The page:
The old adage that a rising tide lifts all boats used to apply to the American economy. It used to mean that good economic policy could grow all sectors of the economy, which would raise the living standards of all Americans. It was a time when the American Dream was truly attainable by any American worker with determination.
This adage has a new meaning in the globalized economy of the 21st century. With foreign competition, offshoring, deindustrialization, trade deficits, and the collapse of Wall Street, fewer boats are rising with the tide.
Before the recession, the economy had strong GDP growth, high productivity, and the upper middle class was able to enjoy a little growth. In this situation, the elegant yachts of the educated elite rose even higher than the tide, the small canoes carrying service workers stayed afloat in choppy seas, and the row boats of manufacturing workers sank by the millions.
In the new hurricane of recession, bank bailouts, foreclosures, and rising unemployment, all boats seem to be in jeopardy, and even the elegant yachts of Wall Street are taking on water. Instead of bailing water and securing their lifeboats, these elite yachtsmen are huddled in the cabin drinking 1922 Navarra County champagne while waiting for the American Navy to come to their rescue. This ocean parable begs the question: Is the American Dream and the great middle class in danger?
Should the workers of America give up on the compact of the American dream? I don’t think so, because I think there are things that we can still do to be more competitive and I think there are also things the government can do to help.
The first and most important thing is for government and society to not give up on manufacturing and not accept some economist’s prediction that transitioning to a “post industrial” economy is inevitable (and a good thing). So what can the government do to help refloat our boats?
1. Create an industrial policy that explains the absolute necessity of maintaining a manufacturing base for the economy. In addition to committing to building our manufacturing sector, the government needs to admit that the accepted notion of transitioning to a post-industrial service economy with enough good paying jobs for middle class workers is a pipe dream.
2. Reduce health care costs. America has the most expensive health care system in the world with the highest percentage of people not covered by any insurance. This costs employers at least $7,500 per worker, and premiums grew 75 percent in 7 years. If premiums continue to climb at this rate they will sink manufacturing and any many other businesses.
3. Balance the trade deficit. Balancing the trade deficit could mean creating millions of new jobs that were lost to offshoring.
4. Extend benefits for the unemployed and create a better safety net for the families that will be unemployed for a long time. This should include health insurance and food stamps.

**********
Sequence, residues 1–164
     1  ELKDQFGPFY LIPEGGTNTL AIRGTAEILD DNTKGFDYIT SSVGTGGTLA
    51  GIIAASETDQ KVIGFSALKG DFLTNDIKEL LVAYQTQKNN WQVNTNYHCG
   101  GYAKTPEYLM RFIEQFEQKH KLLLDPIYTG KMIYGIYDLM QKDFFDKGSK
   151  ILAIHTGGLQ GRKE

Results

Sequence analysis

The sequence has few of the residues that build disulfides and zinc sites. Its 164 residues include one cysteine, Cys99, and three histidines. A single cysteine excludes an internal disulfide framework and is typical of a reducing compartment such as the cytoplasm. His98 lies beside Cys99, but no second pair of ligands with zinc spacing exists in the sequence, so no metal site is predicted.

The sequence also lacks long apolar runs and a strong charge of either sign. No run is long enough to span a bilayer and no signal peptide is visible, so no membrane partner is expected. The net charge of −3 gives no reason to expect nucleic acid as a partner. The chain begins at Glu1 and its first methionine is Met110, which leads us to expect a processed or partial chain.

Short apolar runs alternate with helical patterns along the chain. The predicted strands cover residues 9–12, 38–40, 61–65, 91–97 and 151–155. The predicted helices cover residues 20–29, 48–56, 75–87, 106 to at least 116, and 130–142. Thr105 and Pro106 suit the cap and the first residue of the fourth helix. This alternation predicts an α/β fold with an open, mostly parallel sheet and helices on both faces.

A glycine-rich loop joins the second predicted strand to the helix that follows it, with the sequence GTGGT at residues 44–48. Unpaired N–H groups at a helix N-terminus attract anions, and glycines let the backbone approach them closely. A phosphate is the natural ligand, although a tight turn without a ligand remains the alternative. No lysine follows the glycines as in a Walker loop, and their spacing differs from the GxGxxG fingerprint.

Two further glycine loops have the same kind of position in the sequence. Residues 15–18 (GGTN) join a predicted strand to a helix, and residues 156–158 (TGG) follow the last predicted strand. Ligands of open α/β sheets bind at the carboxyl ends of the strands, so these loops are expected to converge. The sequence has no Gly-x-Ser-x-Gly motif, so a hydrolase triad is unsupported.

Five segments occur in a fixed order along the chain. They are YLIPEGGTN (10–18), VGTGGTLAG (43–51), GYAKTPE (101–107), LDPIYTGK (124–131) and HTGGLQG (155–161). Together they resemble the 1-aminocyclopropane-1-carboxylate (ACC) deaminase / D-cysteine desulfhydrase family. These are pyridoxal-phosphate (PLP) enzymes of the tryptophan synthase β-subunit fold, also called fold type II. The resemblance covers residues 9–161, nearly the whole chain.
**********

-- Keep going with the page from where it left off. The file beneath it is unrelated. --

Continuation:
5. Job Training Initiatives. The purpose of this initiative sponsored by the Department of Labor is “to grow industries with advanced manufacturing occupations.” It is a strategic effort to prepare workers to take advantage of new and increasing job opportunities in the high growth and high demand, economically vital sectors and industries in the U.S. economy. However, if you go to the Department of Labor website (www.doleta.gov/BRG/HGJTIGrantees) you will find that this initiative also issues grants to retail, hospitality, financial services, and other non-manufacturing sectors. Manufacturers need to get involved to make sure they get their share of this training money and that the institutions who are supposed to do the training focus on manufacturing skills. I found a list of $75 million in grants for manufacturing listed by state and the institution who received the money.
6. Advanced Manufacturing Initiative. This is a series of investments of more then $43 million to address the workforce needs of the advanced manufacturing industry. This act is supposed to “help workers find good jobs with good wages and promising career pathways in the advanced manufacturing industry.” These grants are from $750,000 to $1.5 million. You can find out about the grants at www.doleta.gov/BRG/Indprof/manufacturing.cfm.
7. Bureau of Apprenticeship and Training. This program is supposed to assist private industry in developing and improving apprenticeship and other training programs designed to provide skilled workers needed to compete in today’s global economy. Because most jobs in manufacturing are very technical and the shortage of these workers is already upon us, we need to push the apprenticeship type training now. You can contact the Office of Apprenticeship Training, at 202-693-3812 or go through their website at www.doleta.gov/OA/aboutus.cfm. In the new economy, kids are going to have to learn skills that will get them some kind of a job, and credits for practical skills need to be extended to community and 4 year colleges.
8. State involvement. It is going to be tough getting any reduction of taxes from the states now that we are in a recession and all of the states are in trouble with deficits. But all states need to create new jobs. I think for the time being, a good tax policy would be to give tax credits to those manufacturers who create manufacturing jobs in the U.S. or bring manufacturing back from overseas. It would also be a good idea to give tax breaks to manufacturers who will outsource to rural communities. And, there should be no subsidies or tax breaks for any manufacturer who is committed to offshoring.
We are going to have to suffer through the pain of the recovery in terms of unemployment, bankruptcies, bailouts, deficits, and the reality of competing in the global economy. I am hopeful that the new administration sees the value of a strong manufacturing sector that will provide the growth and jobs to refloat all of the boats.
Mike Collins is the author of Saving American Manufacturing.